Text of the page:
So thanks again, Benjamin Button for messing with my head and reminding me that life is super short. Harrumph.

 

{ 6 comments… read them below or add one }

1 Elizabeth December 29, 2014 at 4:34 pm

I had very similar reactions when unpacking our storage unit that was delivered mid-December. It was about 90% nostalgic, sentimental items. As I looked through them, I realized that none of them made me happy-they only reminded me of what was and will never be again. But, when I think about those same memories without the tangible objects, I’m not sad at all. So, I parted with a whole garage full of tangible memories. It was HARD! I mean REALLY HARD! I even threw away the bridal portrait of me my mom and dad had hanging in their house (worst bridal portrait ever, but as I was throwing it out, it still felt really wrong). I gave away my wedding dress, tossed journals from foreign study in Costa Rica, etc. The only think I kept were the girls’ baby books specifically to pass on to them and a box full of photos. Those I’ll separate by kid, put in an album, and save them for when they are older (notice I did NOT say scrapbook!). This is a really long post mainly to say that I get it and getting rid of the tangible has made it all better. I am finding I don’t walk by a momento on a shelf and feel sad. Instead, I have a space in which I can breathe and am experiencing today without a longing for yesterday.

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2 farrah December 29, 2014 at 5:01 pm

That’s really interesting. I don’t know if I can do that? But in my mind, we already have less of those tangible things as it is. I was never a scrapbook person- I’m awful. I don’t even really have baby books either! But that doesn’t mean that we (you and I) don’t look back on what was and appreciate it any less, you know? Time is such a tricky thing. Sometimes I wish I was oblivious and others I’m glad that I’m not.

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3 Julia December 30, 2014 at 1:54 am

I always get that way this time of year. Maybe it’s that around the holidays I tend to look back over the years and while the moments I’m in are happy and wonderful and full, I find myself nostalgic for all those other moments.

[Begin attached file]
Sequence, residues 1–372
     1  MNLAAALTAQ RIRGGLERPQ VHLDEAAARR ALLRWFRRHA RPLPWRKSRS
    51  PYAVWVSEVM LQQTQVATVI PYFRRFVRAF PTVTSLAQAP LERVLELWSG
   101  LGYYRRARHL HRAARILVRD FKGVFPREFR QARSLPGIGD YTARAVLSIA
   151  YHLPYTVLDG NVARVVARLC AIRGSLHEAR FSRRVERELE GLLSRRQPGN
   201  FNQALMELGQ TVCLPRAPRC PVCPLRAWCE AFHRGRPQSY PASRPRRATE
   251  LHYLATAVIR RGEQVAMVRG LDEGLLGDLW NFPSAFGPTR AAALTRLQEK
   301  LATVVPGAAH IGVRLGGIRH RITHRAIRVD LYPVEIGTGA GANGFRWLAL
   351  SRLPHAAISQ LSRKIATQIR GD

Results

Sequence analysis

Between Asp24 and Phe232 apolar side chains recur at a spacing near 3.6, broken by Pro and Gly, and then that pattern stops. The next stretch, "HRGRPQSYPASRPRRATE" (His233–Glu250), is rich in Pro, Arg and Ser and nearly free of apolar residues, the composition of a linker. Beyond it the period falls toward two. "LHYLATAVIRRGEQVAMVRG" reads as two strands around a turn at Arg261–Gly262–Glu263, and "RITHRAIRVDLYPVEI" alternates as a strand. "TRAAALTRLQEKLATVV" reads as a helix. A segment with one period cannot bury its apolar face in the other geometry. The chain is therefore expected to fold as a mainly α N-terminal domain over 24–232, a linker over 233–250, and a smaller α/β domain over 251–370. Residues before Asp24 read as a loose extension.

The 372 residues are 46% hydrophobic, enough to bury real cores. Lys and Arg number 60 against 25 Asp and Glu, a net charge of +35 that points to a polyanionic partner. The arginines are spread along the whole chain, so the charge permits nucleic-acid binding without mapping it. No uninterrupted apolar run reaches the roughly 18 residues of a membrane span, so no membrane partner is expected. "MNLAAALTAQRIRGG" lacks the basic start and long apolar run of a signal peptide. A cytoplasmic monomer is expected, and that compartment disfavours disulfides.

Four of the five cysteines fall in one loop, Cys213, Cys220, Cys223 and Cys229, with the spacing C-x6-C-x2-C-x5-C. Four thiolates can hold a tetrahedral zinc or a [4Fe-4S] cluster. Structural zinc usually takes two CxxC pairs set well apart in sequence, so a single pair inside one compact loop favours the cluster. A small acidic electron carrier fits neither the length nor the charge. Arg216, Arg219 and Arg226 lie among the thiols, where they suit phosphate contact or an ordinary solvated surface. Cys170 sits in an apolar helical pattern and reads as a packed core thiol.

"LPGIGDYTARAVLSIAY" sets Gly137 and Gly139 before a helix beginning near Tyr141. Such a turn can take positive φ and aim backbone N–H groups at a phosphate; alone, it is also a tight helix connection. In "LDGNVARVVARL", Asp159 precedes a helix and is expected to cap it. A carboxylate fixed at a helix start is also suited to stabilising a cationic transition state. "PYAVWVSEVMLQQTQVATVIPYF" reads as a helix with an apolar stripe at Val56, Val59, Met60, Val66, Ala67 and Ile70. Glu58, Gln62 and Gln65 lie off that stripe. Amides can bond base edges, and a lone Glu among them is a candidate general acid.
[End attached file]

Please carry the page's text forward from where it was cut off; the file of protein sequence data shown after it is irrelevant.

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4 farrah January 3, 2015 at 8:44 am

I’d like to hope that everyone does. It’s nice sometimes to think about where we were and how we grew. Hope you have a wonderful year!

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5 Sisterhood of the Sensible Mom December 30, 2014 at 3:54 pm

I have not checked-in in a long, Farrah. Hi! ::waves enthusiastically::
I think you will appreciate the circuitous way I got here. I read Kathleen’s post about It’s a Wonderful Life, I clicked on the hyperlink, and traveled to her post about her aunt’s memorial service, I clicked on the link for your post about it, and then I clicked home to journey back to the present. Rather meaningful way to get here, don’t you think?
This post gave me the feels. I have loved every stage of my life and I know I was “present.” I find it almost unbearable to look at the thousands of photos I have taken. It causes an ache that is far removed from wistful. And yet, I continue to snap away. Maybe there is a psychology student somewhere who needs a thesis topic . . .
Ellen

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6 farrah January 3, 2015 at 8:46 am

As I said- I love that. It’s my favorite way of someone finding me. It’s nice to feel that we’ve done all we can do to be ‘present’ isn’t it? As of now, I have to yet to have any regrets when it comes to being a mom. ‘Not being there’ isn’t ever going to be one of them. Best wishes for a wonderful 2015 🙂